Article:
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Thailand to Minimize Effects of the Eurozone Crisis

The Government is preparing measures to deal with the eurozone debt crisis, so that Thailand will be affected as little as possible by the situation. Among the measures are maintaining the stability of the baht to help exporters and ensuring that inflation and prices of products will not be too high.

Aishwarya Gupta

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Is euro going down the drain?

The Government is preparing measures to deal with the eurozone debt crisis, so that Thailand will be affected as little as possible by the situation. Among the measures are maintaining the stability of the baht to help exporters and ensuring that inflation and prices of products will not be too high.

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The measures were discussed by a meeting of economic ministers, chaired by Prime Minister Yingluck Shinawatra at Government House on 4 July 2012. The Deputy Prime Minister and Finance Minister, Mr. Kittiratt Na-Ranong, said that the foreign currency exchange rates remain stable and are not a factor leading to inflationary pressure. Thailand’s capital market also enjoys stability.

Is euro going down the drain?

Highly Volatile Situation Remains

Although crude oil prices in the world market have increased, he said, the Government believed that it would be able to maintain retail oil prices. If necessary, it might use money from the Oil Fund to maintain domestic retail oil prices. The Oil Fund’s red figures have been reduced from more than 30 billion baht to 16 billion baht.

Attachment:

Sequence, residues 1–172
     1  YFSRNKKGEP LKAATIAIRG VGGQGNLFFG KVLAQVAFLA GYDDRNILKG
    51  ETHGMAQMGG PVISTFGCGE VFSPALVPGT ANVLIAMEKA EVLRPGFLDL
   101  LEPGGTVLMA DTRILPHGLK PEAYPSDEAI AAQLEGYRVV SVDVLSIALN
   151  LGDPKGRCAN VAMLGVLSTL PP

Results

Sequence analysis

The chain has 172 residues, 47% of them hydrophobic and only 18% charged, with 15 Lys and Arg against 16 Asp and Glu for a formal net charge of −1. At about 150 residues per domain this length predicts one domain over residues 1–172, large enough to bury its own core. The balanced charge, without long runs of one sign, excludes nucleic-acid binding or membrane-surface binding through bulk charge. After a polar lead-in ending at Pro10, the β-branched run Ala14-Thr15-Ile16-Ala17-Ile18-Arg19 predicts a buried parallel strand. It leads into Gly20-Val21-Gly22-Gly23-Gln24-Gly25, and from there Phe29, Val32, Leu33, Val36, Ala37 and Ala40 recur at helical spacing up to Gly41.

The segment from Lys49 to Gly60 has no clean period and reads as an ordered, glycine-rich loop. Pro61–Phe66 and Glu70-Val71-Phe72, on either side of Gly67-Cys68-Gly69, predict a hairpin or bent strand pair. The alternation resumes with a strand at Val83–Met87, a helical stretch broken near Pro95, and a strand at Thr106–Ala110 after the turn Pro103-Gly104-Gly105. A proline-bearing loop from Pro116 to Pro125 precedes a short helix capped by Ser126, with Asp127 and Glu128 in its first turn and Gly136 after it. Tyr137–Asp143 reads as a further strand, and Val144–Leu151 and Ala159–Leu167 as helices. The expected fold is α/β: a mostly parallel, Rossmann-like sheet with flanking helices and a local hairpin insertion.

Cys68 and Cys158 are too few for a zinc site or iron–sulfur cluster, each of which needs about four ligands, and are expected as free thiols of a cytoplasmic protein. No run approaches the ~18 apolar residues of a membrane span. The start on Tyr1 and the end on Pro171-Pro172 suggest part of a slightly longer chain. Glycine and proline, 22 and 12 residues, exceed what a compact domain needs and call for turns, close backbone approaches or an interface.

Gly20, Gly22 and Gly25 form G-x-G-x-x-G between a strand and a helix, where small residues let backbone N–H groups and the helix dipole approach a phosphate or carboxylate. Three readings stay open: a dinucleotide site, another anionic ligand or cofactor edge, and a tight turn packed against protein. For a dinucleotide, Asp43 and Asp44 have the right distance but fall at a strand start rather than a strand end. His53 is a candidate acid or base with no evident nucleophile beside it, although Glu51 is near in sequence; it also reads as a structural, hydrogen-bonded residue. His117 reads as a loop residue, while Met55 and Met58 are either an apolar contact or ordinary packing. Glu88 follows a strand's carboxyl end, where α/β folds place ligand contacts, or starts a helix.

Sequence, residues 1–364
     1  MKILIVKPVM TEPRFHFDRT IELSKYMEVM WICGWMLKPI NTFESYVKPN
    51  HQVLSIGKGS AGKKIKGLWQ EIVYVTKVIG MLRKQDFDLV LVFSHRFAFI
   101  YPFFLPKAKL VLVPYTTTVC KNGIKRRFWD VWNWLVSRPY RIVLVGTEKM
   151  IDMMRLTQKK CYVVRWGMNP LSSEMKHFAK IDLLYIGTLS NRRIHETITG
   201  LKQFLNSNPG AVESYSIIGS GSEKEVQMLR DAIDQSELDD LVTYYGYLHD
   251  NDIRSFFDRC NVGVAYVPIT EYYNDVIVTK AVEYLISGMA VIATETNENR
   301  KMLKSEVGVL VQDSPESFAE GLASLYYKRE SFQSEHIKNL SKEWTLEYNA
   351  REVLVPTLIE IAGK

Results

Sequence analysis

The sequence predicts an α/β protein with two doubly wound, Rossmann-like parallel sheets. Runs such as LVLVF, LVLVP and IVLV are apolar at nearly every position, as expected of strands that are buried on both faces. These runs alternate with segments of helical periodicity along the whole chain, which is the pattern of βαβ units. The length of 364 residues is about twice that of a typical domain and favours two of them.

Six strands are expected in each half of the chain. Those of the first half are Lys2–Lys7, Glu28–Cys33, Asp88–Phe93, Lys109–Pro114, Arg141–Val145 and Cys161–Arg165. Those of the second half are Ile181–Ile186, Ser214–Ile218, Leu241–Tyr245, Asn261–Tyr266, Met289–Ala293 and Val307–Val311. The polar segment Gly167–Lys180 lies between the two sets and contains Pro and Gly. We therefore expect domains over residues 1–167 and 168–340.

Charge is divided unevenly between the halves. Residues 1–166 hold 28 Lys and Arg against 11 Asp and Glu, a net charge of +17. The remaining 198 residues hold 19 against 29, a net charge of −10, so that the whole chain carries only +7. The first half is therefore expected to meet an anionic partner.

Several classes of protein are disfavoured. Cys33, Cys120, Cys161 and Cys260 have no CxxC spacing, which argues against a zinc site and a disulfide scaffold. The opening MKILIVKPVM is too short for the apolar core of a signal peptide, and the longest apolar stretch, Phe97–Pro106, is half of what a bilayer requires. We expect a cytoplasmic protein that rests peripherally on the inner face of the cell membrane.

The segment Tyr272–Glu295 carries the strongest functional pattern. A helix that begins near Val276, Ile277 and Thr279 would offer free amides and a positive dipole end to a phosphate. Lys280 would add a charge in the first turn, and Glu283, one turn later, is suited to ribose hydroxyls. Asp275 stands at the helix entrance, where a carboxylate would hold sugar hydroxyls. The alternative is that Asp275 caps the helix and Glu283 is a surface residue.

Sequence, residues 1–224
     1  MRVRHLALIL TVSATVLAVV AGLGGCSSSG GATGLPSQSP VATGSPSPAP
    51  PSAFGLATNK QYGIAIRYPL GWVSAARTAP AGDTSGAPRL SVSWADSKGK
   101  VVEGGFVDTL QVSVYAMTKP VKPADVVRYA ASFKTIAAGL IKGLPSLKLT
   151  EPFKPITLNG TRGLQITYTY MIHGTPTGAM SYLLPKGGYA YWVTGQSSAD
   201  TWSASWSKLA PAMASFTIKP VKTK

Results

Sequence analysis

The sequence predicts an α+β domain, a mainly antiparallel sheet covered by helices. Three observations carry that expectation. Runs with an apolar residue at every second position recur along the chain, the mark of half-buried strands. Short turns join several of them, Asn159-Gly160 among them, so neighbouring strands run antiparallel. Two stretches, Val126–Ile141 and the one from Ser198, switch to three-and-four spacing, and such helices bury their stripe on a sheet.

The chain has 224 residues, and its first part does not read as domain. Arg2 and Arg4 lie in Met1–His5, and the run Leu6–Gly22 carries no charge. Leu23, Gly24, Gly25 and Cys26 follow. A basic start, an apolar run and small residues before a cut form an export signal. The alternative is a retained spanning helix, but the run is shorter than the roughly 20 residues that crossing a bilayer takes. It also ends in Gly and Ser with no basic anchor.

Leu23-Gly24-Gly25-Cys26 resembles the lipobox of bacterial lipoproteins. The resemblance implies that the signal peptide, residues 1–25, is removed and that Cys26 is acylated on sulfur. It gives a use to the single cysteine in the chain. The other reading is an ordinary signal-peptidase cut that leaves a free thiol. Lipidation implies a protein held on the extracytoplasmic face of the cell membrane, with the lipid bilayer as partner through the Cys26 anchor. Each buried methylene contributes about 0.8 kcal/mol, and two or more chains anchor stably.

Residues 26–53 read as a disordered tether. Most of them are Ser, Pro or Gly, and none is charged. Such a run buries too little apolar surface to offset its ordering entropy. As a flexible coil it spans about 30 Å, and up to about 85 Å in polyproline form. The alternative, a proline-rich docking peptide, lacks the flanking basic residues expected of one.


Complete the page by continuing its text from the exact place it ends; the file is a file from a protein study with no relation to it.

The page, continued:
Apart from accelerating public sector spending, Mr. Kittiratt said that the Government had instructed relevant agencies to seek new export markets to replace the European Union. The new markets include ASEAN, the Middle East, and East Asia.

Unemployment rate in Thailand is still low.

However, labor skills needed to be developed in response to the labor market demand. In this connection, the Ministry of Labor, the Ministry of Industry, and the Ministry of Education were told to promote skill development by providing training for workers.

In order to enable the tourism sector to earn more income, Mr. Kittiratt said that Don Mueang Airport will be reopened for services on 1 August 2012, instead of 1 October 2012. The reopening of Don Mueang will facilitate the movement of passengers and ease congestion at Suvarnabhumi Airport. According to a recent Cabinet decision, Suvarnabhumi will be a hub airport for full-service and connecting flights, while Don Mueang will serve low-cost carriers and accommodate both domestic and point-to-point international flights.

Another measure to help Thailand to cope with the eurozone crisis is that the Government will place emphasis on three groups of products to prevent them from being adversely affected. The three groups, which have been exported mainly to Europe, include textiles and garment, gems and jewelry, and electronics items. Financial institutions under the supervision of the Ministry of Finance will be asked to extend credit, or provide guarantee, for exports to target countries.

The Export-Import Bank of Thailand has prepared 100 billion baht in credit for entrepreneurs and another 40 billion baht in credit guarantee for exports. The funds will help in risk management for exports to Europe.

via Inside Thailand — Preparing Measures to Minimize Effects of the Eurozone Crisis on Thailand.

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